Takata airbag graphic

Takata / Consumer Reports Takata / Consumer Reports

The Takata Recall

If the used car you want to buy is under recall, chances are it’s because of a faulty Takata airbag inflator. This case has added millions of used cars to the recall rolls each year for several years now, and Epstein says the “vast majority” of cars currently under recall are related to Takata airbags. In fact, a recent GM recall added 5.9 million trucks and SUVs to the list of recalled vehicles with faulty Takata inflators.

The Takata recall is the largest and most complex automotive recall in U.S. history, and it isn't over yet. It currently includes 67 million airbag inflators in cars, SUVs, and pickup trucks from 19 manufacturers, according to the National Highway Traffic Safety Administration (NHTSA). So far, 17 million of those inflators have yet to be replaced. Eighteen people in the U.S. have died—two in 2020 alone—and more than 400 people have allegedly been injured because of those devices, NHTSA says.

Takata airbags made between 2002 and 2015 use ammonium nitrate to inflate the airbag in the event of a crash. The ammonium nitrate can become unstable over time, leading to inflators that explode with an unexpectedly violent force. If the defective airbag ruptures, it can spray sharp metal fragments directly at the driver and passengers, increasing the risk of death or injury. Some older Takata airbags use a different design, and could deploy without enough force or with too much force to protect occupants in a crash.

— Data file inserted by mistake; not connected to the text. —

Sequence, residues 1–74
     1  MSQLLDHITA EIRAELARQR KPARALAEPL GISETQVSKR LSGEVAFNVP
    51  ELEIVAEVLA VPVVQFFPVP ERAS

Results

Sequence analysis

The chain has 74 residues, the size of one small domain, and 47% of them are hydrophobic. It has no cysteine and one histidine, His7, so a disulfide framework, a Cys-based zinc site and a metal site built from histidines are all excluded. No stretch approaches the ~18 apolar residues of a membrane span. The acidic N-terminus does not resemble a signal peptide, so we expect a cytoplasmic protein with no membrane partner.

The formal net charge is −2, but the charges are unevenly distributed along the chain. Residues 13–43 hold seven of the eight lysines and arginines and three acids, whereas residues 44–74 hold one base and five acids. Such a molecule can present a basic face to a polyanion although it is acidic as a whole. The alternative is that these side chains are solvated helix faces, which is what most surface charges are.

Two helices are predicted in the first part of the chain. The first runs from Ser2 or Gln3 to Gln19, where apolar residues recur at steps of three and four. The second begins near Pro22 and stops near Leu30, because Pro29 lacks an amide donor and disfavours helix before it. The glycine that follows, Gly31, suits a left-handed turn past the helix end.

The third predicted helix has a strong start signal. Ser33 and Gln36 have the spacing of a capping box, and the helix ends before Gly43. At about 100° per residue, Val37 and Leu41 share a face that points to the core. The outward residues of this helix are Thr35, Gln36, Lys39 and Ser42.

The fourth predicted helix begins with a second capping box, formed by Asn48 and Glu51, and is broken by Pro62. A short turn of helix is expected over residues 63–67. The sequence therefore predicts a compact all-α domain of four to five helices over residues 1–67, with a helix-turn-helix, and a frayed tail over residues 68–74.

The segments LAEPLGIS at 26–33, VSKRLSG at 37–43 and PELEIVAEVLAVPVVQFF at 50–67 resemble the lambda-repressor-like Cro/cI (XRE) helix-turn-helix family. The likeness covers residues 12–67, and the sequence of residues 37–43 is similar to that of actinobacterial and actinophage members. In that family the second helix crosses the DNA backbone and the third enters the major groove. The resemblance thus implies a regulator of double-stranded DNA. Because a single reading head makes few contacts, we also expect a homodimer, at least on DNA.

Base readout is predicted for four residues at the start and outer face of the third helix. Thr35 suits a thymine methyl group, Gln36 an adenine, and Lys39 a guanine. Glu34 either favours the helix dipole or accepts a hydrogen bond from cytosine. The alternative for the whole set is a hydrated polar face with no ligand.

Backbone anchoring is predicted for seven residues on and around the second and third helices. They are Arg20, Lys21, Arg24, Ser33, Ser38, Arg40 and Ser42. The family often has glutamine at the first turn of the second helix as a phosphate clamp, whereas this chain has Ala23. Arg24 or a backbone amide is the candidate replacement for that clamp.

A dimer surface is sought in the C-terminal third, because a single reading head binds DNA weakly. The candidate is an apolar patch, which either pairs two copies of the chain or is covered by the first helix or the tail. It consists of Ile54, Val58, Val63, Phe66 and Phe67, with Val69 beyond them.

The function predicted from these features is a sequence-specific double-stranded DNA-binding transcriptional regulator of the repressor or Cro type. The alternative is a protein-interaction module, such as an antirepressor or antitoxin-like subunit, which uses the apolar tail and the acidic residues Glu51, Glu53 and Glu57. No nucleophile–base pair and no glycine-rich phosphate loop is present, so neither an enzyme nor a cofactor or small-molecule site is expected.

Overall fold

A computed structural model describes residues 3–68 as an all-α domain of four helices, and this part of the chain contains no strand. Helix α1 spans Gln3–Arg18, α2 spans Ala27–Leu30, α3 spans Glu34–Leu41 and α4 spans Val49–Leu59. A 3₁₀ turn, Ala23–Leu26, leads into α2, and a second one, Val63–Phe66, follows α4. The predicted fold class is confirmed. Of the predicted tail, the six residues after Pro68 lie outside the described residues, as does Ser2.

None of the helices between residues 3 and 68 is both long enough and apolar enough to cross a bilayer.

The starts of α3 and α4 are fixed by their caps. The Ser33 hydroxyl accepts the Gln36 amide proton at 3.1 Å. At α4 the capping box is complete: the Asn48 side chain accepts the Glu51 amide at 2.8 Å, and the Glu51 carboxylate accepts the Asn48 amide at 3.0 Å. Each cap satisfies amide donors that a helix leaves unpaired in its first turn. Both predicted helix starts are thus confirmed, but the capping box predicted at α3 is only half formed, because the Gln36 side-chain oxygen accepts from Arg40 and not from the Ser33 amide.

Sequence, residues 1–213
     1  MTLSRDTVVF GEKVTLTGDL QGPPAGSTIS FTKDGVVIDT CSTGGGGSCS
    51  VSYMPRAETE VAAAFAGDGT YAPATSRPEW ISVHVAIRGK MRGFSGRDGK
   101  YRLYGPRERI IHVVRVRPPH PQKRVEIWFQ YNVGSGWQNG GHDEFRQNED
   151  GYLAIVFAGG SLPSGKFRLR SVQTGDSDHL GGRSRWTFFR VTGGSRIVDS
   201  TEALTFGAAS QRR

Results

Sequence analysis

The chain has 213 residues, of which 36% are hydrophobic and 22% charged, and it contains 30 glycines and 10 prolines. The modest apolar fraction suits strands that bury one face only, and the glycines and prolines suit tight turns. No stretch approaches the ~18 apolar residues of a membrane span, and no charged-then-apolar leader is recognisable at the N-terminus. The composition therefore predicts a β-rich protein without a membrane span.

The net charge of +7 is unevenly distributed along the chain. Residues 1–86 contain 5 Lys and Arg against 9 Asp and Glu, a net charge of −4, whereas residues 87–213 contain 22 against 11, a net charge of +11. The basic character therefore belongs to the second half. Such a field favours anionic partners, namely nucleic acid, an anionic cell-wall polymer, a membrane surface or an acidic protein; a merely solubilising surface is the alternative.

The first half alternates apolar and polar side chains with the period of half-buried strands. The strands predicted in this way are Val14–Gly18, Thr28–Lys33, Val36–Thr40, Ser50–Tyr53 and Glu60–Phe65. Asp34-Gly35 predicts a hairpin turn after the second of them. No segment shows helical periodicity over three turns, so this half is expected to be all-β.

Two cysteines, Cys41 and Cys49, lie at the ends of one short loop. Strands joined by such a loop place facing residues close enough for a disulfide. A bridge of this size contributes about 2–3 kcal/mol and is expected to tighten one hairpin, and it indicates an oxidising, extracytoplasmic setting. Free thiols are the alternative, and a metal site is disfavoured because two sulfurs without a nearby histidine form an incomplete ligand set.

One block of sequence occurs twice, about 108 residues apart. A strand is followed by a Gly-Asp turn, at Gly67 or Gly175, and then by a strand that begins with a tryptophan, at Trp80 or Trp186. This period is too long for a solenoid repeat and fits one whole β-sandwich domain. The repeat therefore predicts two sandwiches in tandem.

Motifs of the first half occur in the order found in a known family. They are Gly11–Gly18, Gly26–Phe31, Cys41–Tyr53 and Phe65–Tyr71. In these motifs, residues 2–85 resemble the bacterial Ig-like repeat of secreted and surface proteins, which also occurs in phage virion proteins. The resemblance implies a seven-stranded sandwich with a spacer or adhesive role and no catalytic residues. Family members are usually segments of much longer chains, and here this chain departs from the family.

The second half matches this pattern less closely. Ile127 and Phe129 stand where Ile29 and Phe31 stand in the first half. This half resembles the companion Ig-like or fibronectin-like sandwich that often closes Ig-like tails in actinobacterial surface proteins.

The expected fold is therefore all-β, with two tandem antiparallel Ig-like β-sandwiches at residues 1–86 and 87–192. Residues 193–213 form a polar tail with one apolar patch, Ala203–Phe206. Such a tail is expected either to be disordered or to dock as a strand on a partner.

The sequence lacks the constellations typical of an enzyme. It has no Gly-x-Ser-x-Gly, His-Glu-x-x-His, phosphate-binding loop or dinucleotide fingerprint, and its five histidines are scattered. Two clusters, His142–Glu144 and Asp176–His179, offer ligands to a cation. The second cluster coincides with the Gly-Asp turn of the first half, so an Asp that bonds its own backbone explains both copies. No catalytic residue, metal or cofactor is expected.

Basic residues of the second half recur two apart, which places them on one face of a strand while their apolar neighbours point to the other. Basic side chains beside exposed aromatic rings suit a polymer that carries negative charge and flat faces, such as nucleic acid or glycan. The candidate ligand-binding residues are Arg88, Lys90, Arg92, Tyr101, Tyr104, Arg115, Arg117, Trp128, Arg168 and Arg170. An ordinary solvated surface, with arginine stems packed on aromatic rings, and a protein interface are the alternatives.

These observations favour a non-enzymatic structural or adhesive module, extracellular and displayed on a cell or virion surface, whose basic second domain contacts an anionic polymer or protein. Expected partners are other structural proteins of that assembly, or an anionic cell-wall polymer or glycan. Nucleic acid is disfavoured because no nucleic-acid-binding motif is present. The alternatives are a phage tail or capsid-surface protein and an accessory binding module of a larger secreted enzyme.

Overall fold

That’s why it’s important for shoppers to stay vigilant, and check whether the car they’re interested in buying is part of this recall.

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Head shot photo of CRO Cars CIA editor Keith Barry

Keith Barry

Despite my love for quirky, old European sedans like the Renault Medallion, it's my passion to help others find a safe, reliable car that still puts a smile on their face—even if they're stuck in traffic. When I'm not behind the wheel or the keyboard, you can find me exploring a new city on foot or planning my next trip.